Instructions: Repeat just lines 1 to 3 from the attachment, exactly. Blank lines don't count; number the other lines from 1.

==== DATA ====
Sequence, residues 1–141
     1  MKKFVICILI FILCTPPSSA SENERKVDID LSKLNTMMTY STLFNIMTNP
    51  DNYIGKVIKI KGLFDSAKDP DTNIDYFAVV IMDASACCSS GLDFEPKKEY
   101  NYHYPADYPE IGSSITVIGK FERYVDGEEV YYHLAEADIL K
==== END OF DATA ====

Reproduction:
Sequence, residues 1–141
     1  MKKFVICILI FILCTPPSSA SENERKVDID LSKLNTMMTY STLFNIMTNP
    51  DNYIGKVIKI KGLFDSAKDP DTNIDYFAVV IMDASACCSS GLDFEPKKEY